What Defines A National Treasure?

It seems these days that anyone who has been in the public eye for more than about two minutes is in line to becoming dubbed a national treasure.

The fabricated title of 'national treasure' was once reserved for figures who enjoyed the affection of a large part of the nation, say, Stephen Fry or Joanna Lumley, for those in the United Kingdom. Maybe Betty White would be considered an American national treasure.


If you aspire to be one, your best bet is to be nearing the end of a long career on television or the big screen. Elderly or retired sports commentators are guaranteed national treasure status too, with Clare Balding as the current favourite to be a future national treasure. But why these people, why are they deserving of this epithet?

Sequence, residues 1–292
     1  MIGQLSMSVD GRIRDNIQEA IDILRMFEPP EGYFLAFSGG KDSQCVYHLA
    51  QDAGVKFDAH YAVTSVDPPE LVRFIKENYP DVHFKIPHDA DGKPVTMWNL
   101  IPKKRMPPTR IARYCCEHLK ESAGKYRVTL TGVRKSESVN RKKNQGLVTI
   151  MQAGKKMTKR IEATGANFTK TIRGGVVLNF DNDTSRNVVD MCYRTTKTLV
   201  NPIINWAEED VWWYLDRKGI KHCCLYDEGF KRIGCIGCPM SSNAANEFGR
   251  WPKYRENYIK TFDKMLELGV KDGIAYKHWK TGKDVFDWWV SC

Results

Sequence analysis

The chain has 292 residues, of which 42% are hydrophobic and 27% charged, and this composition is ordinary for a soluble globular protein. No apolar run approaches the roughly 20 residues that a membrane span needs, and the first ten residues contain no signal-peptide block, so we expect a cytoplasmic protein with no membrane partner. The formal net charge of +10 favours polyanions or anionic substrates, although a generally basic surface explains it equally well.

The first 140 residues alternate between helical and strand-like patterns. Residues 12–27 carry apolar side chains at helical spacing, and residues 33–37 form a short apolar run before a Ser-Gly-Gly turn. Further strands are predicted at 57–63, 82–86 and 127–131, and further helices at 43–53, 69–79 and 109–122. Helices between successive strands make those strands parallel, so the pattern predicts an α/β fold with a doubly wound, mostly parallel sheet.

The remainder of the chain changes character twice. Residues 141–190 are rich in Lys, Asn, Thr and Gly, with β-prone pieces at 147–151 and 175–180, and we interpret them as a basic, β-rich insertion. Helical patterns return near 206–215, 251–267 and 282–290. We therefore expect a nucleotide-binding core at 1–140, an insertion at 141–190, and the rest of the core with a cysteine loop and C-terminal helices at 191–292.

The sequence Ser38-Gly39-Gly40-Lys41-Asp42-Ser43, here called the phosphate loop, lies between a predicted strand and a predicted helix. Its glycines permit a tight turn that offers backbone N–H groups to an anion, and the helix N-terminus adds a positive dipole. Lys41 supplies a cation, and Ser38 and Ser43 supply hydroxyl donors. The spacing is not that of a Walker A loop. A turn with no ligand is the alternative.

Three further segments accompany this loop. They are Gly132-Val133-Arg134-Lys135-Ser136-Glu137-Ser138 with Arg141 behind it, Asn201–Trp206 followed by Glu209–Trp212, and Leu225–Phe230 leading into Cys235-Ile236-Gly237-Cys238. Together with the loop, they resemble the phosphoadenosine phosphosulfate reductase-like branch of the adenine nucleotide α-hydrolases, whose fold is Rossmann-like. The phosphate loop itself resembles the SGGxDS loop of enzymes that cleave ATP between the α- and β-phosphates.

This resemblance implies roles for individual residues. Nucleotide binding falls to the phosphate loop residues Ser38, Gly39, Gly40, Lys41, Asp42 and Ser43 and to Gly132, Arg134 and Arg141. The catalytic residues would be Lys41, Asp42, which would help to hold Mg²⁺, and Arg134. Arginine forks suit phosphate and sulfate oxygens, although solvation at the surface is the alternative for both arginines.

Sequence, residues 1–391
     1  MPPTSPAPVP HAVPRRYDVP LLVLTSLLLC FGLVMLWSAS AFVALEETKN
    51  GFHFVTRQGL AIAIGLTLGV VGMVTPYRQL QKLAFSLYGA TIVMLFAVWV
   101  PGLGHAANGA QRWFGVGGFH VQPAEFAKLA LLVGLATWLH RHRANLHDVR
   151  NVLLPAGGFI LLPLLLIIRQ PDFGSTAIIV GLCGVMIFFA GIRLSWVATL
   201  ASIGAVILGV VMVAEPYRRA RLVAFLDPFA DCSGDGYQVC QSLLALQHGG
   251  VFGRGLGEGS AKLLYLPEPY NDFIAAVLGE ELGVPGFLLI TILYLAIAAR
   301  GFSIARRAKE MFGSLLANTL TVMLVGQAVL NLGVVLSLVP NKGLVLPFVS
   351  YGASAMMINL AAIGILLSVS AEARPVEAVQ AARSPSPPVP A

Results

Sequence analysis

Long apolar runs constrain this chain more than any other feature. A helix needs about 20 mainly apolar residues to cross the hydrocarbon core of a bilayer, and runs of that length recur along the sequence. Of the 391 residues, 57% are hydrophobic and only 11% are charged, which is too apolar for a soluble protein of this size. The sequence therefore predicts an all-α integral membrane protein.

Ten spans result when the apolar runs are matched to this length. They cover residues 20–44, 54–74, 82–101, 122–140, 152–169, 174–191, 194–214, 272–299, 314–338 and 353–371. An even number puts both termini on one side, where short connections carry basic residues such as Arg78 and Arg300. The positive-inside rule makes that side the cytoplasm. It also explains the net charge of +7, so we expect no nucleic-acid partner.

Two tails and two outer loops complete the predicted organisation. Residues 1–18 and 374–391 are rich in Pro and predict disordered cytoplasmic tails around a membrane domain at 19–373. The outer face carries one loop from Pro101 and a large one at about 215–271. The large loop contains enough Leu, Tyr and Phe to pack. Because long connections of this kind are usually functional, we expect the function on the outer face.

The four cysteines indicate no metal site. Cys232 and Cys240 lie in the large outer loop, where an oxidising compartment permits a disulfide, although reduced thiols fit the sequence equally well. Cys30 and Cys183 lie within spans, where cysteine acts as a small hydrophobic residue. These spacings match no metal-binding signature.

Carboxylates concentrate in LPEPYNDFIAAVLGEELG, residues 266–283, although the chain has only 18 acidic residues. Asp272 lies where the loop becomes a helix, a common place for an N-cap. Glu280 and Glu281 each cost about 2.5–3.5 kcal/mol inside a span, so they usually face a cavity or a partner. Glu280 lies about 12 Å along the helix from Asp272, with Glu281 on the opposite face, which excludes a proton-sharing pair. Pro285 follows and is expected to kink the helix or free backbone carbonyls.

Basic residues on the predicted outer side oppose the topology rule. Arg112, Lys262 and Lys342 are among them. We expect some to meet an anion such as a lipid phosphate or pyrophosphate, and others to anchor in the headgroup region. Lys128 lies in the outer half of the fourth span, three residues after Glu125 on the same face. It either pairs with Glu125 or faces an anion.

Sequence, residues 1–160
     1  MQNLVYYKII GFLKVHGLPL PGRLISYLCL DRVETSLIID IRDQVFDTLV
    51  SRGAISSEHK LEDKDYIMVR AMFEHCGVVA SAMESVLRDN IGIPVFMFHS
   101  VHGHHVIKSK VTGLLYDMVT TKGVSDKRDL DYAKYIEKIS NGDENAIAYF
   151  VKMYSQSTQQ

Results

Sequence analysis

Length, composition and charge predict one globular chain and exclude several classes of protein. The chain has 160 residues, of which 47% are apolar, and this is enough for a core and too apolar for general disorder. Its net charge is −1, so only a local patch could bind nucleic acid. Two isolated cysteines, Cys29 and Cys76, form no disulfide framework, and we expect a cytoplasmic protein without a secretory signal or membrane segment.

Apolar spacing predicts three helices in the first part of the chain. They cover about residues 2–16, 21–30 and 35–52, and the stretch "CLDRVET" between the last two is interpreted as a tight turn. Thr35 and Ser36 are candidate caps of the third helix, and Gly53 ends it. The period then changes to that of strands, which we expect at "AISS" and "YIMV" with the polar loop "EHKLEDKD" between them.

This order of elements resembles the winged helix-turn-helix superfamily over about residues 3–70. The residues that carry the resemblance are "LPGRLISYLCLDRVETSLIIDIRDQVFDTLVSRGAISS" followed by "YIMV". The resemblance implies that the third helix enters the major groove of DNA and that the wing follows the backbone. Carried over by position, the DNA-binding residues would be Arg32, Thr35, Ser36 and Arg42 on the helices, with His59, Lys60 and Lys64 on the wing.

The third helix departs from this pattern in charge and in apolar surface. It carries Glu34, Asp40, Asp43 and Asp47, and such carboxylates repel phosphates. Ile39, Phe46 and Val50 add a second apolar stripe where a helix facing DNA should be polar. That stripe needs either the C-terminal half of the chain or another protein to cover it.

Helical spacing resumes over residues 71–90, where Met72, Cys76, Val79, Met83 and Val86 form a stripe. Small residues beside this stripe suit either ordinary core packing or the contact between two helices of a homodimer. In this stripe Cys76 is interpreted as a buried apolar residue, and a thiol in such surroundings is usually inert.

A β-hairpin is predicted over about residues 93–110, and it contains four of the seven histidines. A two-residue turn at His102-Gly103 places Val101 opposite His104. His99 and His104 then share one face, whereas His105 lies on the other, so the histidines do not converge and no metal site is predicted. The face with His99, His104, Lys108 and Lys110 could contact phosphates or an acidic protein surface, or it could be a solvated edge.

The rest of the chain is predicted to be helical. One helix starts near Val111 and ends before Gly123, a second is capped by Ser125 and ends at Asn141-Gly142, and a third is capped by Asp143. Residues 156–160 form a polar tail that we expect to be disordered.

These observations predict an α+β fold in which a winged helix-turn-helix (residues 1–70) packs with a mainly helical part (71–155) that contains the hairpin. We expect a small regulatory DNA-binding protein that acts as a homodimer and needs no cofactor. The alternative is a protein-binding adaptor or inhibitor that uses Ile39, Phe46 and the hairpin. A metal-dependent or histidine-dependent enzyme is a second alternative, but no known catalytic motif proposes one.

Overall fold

National treasures are largely old (Sir David Attenborough, Sir Paul McCartney, Dame Maggie Smith, Sir Michael Caine, Dame Judi Dench) and bear some notable status within society (
Sir David Attenborough, Sir Paul McCartney, Dame Maggie Smith, Sir Michael Caine, Dame Judi Dench). It is often down to journalists and reporters to tell us who has qualified as a national treasure and who hasn't made the running.

But it is chiefly the fault of the tabloid press that the number of people dubbed a national treasure has sky-rocketed in recent years. We're living in a time where someone like Katie Price or she who shall not be named (KH) could be called a national treasure on the front page of The Sun. An article by The Independent listed Margaret Thatcher as a greater national treasure than Sir Tim Berners-Lee. Dare I suggest that all this treasure has become devalued?

Is there any point in having this as some sort of heralded title when it will just end up being replaced by some other aggrandised name not long down the line due it suddenly losing its credibility?

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